Stay up to Date
Our daily roundup of San Diego’s most important stories (Monday-Friday)
This post has been updated.
The California Supreme Court decided that former Mayor Jerry Sanders played such an important role conceiving of and developing a ballot measure to eliminate pensions for city employees that it was his own proposal. Thus, he should have, as the city’s chief labor negotiator, met with labor unions first about it.
The court didn’t invalidate the law, though. It sent it back to the Court of Appeal to decide what to do.
With that, the court put the city of San Diego on notice that it could be in for an unimaginably complex series of negotiations and changes.
Scott Lewis took a look at what happened, what it means and how we got here.
For years, the city has been on a $67 million mission to install smart meters citywide to provide more accurate, real-time data on water use and it’s repeatedly tried to downplay problems with those meters.
But new emails obtained by Voice of San Diego and NBC 7 Responds reveal the city has known about problems with its smart meter program since at least 2016.
A representative from Atlanta-based distributor Mueller Water Products requested a meeting with city officials to talk about issues with the meters in April 2016, meaning the city has been aware of issues with the equipment for more than two years.
The city has spent about $7 million to buy 74,000 Hersey-brand water meters from Atlanta-based Mueller Water Products since 2010 and is behind on its schedule to complete the broader project.
Earlier this year, as complaints about high water bills spiked, an assistant director of the water department tried to thwart an audit of the smart meter program.
The city auditor is now digging into the smart meter program and is expected to release his review soon.
Flying the friendly skies is an ordeal, and now comes news that just sitting on the ground and connecting to airport Wi-Fi can put you in big jeopardy. A report released last month by an Internet security firm declared that San Diego International Airport is the nation’s worst when it comes to cybersecurity.
“These are the 10 airports where you’re most likely to be hacked,” declared CNBC. And there we are at No. 1, with the highest “threat score.”
The full report, by the security firm Coronet, said the airport was targeted by “an Evil Twin Wi-Fi access point with the name ‘#SANfreewifi.'”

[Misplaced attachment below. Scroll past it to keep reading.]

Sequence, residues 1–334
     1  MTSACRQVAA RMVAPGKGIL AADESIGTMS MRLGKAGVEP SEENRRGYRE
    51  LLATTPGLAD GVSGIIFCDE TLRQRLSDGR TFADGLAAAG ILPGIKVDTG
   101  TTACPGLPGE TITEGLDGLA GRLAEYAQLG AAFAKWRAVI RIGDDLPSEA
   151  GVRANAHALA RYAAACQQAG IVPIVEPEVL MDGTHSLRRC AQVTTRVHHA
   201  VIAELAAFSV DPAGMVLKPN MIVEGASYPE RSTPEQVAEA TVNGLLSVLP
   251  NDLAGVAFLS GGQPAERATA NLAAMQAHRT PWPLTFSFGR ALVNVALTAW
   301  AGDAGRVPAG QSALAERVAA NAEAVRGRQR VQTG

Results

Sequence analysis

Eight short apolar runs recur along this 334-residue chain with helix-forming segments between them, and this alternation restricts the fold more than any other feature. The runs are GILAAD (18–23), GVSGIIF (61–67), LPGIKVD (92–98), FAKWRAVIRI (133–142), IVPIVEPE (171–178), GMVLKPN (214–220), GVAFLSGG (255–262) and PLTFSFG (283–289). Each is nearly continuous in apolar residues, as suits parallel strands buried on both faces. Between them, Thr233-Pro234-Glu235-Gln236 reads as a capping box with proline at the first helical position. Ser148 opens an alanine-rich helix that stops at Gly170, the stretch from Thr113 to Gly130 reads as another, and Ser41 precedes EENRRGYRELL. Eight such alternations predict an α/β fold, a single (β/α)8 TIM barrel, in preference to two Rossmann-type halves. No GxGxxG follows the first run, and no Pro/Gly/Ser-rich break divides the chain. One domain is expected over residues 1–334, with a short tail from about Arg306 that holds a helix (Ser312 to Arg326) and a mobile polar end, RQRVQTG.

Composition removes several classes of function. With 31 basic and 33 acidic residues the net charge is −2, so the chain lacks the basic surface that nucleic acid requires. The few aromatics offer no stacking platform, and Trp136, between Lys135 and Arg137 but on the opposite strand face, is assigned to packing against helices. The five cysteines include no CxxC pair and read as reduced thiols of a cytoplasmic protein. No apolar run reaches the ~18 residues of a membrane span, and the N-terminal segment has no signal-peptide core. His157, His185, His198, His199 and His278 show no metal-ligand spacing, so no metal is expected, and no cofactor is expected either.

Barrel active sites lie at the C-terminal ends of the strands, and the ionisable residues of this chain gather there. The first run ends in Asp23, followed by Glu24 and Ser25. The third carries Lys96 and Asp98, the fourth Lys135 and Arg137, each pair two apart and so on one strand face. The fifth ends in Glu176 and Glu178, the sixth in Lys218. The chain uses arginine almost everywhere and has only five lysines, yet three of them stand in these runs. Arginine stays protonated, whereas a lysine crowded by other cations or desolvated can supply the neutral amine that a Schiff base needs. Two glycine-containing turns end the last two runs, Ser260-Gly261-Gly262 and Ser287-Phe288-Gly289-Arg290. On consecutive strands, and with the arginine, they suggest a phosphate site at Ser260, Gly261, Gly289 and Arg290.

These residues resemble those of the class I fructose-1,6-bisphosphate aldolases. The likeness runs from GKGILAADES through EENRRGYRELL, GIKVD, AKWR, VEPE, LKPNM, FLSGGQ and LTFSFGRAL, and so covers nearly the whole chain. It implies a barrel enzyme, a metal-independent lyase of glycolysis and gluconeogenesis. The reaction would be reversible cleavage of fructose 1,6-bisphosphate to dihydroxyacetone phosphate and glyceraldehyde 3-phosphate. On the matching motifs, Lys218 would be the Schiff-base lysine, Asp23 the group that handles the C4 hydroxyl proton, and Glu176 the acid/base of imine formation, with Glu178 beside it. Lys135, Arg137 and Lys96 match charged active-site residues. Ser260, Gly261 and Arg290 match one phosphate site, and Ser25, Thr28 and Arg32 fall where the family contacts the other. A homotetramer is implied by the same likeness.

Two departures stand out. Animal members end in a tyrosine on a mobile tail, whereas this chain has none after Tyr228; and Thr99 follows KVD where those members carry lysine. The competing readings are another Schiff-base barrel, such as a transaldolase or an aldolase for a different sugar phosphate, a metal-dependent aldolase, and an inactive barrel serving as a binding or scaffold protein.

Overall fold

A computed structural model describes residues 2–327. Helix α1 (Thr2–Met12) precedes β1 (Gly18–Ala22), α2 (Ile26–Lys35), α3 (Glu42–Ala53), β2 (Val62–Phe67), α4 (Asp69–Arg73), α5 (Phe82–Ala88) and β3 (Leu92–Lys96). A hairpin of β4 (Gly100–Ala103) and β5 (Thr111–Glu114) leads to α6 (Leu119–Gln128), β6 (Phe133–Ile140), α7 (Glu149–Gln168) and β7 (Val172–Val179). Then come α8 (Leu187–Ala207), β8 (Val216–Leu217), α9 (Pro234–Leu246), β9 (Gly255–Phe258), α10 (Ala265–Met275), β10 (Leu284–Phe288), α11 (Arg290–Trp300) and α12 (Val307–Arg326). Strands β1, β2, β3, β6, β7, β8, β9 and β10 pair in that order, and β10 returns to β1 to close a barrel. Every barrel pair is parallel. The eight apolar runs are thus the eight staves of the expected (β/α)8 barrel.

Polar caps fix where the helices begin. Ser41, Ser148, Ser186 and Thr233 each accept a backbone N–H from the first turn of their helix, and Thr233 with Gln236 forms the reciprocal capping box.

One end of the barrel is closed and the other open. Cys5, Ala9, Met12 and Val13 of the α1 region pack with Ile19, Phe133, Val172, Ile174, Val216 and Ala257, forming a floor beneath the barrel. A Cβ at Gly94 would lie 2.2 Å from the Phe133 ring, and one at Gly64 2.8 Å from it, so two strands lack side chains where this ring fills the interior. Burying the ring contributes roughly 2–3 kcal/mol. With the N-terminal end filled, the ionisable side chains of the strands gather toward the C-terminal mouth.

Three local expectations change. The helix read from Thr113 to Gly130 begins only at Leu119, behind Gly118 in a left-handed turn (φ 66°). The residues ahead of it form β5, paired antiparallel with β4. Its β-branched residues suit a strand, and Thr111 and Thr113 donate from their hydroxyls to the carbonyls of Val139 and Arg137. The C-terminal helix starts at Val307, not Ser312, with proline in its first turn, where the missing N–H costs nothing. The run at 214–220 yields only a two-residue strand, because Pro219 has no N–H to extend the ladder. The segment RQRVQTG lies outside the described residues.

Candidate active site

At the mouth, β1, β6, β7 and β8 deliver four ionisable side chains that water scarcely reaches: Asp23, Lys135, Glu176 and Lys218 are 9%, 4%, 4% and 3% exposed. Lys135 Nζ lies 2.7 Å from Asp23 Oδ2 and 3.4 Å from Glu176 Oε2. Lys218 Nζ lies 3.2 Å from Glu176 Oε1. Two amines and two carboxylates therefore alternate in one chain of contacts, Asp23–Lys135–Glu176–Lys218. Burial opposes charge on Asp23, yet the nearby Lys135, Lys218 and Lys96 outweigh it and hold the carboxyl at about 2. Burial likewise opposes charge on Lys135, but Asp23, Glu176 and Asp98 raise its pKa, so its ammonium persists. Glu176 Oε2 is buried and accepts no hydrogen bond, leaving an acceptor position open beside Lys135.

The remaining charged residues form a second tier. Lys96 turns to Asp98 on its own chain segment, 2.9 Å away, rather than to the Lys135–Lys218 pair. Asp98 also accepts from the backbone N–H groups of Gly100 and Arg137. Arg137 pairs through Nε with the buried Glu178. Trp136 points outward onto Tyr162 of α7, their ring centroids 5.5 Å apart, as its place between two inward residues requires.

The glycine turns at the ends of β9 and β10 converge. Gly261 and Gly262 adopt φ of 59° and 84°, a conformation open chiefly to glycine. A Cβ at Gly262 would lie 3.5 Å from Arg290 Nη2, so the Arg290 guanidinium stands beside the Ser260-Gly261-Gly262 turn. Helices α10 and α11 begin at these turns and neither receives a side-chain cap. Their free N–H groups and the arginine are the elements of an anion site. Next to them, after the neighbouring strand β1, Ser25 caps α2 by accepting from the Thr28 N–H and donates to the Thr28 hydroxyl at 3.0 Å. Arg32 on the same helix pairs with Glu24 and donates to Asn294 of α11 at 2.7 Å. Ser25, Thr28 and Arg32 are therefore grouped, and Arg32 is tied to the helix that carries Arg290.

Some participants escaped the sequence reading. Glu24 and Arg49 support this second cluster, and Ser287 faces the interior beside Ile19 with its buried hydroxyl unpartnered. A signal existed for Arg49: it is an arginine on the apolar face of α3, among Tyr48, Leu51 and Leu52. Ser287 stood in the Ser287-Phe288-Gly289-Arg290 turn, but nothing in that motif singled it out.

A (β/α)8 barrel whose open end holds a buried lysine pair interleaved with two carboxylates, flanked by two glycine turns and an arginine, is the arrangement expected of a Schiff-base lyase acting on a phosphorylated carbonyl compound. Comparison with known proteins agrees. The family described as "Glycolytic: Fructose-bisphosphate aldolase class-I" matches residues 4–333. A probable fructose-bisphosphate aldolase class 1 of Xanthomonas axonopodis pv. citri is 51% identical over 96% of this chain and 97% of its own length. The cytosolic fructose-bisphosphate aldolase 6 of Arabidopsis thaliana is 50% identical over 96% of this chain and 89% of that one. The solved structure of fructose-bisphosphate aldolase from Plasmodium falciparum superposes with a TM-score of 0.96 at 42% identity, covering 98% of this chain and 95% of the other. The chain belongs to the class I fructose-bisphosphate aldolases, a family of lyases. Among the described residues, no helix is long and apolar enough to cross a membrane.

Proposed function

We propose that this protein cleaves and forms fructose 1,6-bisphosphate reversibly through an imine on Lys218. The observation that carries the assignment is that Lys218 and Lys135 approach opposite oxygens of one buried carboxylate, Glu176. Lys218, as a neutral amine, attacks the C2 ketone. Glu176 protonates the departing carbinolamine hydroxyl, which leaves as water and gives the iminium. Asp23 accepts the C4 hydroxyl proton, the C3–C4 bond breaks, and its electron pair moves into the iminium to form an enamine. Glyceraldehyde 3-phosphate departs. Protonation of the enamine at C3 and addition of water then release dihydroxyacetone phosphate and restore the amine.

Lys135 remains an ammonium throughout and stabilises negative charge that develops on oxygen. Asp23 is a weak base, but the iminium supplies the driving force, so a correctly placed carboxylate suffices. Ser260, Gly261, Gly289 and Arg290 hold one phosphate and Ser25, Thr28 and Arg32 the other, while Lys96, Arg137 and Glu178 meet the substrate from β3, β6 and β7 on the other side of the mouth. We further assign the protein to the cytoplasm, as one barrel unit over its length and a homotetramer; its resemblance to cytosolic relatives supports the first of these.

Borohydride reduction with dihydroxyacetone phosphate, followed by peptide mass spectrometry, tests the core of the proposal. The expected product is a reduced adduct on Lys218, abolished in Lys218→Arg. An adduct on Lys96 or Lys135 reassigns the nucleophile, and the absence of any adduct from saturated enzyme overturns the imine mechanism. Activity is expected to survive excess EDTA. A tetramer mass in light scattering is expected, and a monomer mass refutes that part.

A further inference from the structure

I got in touch with Evan Goldberg, the firm’s vice president of client service, to get more details.
What makes Wi-Fi at the San Diego airport so risky?
It had the most vulnerabilities with the most severe potential impact on users. The risk is when users connect to Wi-Fi at the airport – not necessarily only the airport’s own Wi-Fi but the airlines, lounges, restaurants, etc., as well.
What’s an “Evil Twin Wi-Fi access point”?
An evil twin pretends to be a legitimate Wi-Fi network, luring users to connect to it.
The airport has one Wi-Fi network, but many nodes with the same name. The attacker creates a node with the same name. The device and the user can’t distinguish between the legitimate and the malicious nodes, which is exactly the crux of the vulnerability.
What is the hacker after?
In this case, he performed an ARP Poisoning attack, which means he changed the routing of the data from the devices connected to him and ensured they go through his servers so he would be able to steal that data.
Do you know if that fake network still exists at the airport?
As of this morning [July 31], it was still there.
What can passengers do to protect themselves other than use your service?
Using a personal hotspot reduces the risk significantly. VPN is a distant second, as we now know most VPNs leak and are not a very good solution.
The airport sent a statement to NBC 7 saying that “while we don’t fully understand the methodology used to generate the report, the protection of sensitive information is always a priority for the airport. … The airport employs tools to quickly identify, locate, and disable malicious rogue wireless access points.”
Has the airport gotten in touch with you about your findings regarding its security?
As far as I know nobody has reached out to us.
– Randy Dotinga
Update: After this post published, Rebecca Bloomfield, a spokeswoman for the airport, disputed Goldberg’s comments.
“Mr. Goldberg incorrectly states that a rogue wireless access point is still present at the airport. The rogue device, which first appeared and was found on May 31, was located and deactivated within three hours of its presence being detected. Law enforcement officials were engaged for appropriate follow-up. There is no rogue wireless access point present today,” she wrote.
But Coronet stands by its report and says it located a rogue access point long after the airport claims it was eradicated.
“We stand by our report, the data in it is correct, and the claim that the evil twin was disabled within 3 hours is not supported by our data,” CISO and co-founder Dror Liwer wrote in a statement. “At this time, that specific attack is no longer present, but it most certainly was present when we originally pulled our data a few weeks ago.”
Ocean temperatures at Scripps Pier in La Jolla on Wednesday hit their highest point since UC San Diego’s Scripps Institution of Oceanography first began taking readings there more than 100 years ago.
The Union-Tribune reports that sea surface temperature this week reached 78.6 degrees, higher than a previous record set in 1931.
Ocean temperatures have been above average long the coastline most of the summer and scientists aren’t certain why.
Times of San Diego warns us to expect a serious heat wave next week.
Another side effect of all this heat: 10News reports it’s leading coyotes to emerge in search of water and cooler spaces.
The Morning Report was written by Lisa Halverstadt and Kinsee Morlan, and edited by Sara Libby.